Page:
Wildflower Of The Week: Dog Rose

The blossom in the hedgerow shrubs has changed through the seasons, from blackthorn to hawthorn and now to elder and the beautiful dog rose, which blooms throughout June and July. Our dog roses are actually a collection of several virtually indistinguishable species. The large flowers, up to about 50mm across, are white or pink, with golden yellow stamens. They have a mild sweet fragrance.

The leaves are toothed and arranged in two or three pairs along thorny stems. The shrub is straggly and grows to 3m or more if well-supported by surrounding hedge plants.

The roots are used in the horticultural industry in the propagation of garden roses. Shoots of the cultivated varieties are grafted on to dog rose root stocks.

The flowers are followed by oval orange-red fruits or hips. These are rich in vitamin C and can be used to make a tea or syrup. As well as a vitamin source, the syrup has also been used to treat gout, dysentery and as a diuretic. The irritant hairs on hips have been used to make itching powder. The roots were used in folk medicine to cure rabies. The flowers are used in skin preparations.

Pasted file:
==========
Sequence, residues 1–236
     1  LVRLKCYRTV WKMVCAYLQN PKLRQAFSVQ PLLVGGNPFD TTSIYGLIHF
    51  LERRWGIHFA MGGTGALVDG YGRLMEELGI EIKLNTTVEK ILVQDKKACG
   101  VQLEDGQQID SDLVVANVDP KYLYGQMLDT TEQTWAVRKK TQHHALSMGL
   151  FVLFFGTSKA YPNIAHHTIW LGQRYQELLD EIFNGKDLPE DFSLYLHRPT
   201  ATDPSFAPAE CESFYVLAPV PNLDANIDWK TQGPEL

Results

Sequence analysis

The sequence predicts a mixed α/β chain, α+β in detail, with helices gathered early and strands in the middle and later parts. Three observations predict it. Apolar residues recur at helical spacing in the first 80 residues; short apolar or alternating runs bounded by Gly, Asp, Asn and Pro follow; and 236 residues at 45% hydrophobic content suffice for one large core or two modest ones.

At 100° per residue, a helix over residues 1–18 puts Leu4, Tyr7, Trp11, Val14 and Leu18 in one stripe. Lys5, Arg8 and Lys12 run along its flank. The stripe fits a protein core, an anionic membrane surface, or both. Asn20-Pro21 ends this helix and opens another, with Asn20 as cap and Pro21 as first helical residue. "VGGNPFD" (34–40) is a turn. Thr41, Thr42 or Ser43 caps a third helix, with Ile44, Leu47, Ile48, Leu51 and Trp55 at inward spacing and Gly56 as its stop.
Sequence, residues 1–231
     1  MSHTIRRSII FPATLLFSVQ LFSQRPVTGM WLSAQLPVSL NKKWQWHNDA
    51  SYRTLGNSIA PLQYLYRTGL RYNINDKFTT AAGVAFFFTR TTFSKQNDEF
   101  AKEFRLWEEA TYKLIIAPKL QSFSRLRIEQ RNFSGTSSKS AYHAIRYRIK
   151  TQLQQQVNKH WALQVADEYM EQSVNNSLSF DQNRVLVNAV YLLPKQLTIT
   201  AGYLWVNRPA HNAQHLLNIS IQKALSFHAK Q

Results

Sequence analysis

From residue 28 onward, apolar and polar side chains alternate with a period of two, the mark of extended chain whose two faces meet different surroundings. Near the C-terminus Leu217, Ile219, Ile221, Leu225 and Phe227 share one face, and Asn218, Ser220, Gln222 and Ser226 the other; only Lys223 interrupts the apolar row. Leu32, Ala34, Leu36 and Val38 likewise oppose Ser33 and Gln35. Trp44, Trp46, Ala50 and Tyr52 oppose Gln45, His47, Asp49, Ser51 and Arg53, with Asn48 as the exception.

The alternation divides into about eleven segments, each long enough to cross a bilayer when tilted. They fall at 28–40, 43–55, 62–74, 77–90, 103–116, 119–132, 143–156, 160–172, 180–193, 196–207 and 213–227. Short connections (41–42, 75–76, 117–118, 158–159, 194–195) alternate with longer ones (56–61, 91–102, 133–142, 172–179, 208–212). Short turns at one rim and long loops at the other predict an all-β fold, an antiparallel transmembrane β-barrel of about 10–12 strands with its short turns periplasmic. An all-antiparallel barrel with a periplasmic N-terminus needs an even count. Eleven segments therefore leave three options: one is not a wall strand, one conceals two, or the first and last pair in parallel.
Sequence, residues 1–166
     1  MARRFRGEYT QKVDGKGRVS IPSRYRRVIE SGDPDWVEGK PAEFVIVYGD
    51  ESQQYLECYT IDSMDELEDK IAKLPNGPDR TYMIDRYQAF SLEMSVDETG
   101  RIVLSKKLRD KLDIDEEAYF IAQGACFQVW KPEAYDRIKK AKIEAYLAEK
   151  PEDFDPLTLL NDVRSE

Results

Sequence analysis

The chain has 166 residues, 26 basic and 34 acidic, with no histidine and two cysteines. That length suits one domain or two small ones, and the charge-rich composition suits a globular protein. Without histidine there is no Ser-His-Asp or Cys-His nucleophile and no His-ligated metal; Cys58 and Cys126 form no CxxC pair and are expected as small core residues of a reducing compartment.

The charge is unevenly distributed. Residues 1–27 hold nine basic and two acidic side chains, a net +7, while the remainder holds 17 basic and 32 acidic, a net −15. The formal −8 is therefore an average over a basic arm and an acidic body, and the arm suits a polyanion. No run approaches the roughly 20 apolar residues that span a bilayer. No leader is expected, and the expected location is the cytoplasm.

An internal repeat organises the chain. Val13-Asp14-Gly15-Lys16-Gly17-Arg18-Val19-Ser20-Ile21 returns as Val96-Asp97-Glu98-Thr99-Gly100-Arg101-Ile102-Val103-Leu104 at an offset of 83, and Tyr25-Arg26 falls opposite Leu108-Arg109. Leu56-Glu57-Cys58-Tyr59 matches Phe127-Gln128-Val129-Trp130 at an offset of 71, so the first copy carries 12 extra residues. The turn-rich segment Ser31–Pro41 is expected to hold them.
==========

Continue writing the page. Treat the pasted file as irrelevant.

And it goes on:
The flower, or at least a stylised version of it is a common feature in heraldry, often seen on coats of arms. Also known as sweet briar, the rose has symbolised love and beauty for millennia. In Ancient Greece the dog rose was often associated with the Goddess of Love, Aphrodite, who was depicted as wearing a rose crown. The Romans bestowed an association between the dog rose and secrets. Anything said under places where roses were hung, would remain secret, giving rise the the phrase “Sub rosa”.

Occasionally reddish fibrous tangles appear on the stems of dog roses. These are known as Robin’s pincushions. and are caused by a tiny gall wasp laying eggs in in the stem. The gall shelters larvae of the wasp, which feed on the gall over winter to emerge as adult wasps in spring.

The dog roses I see in the hedgerows are a sign that summer is most definitely here!.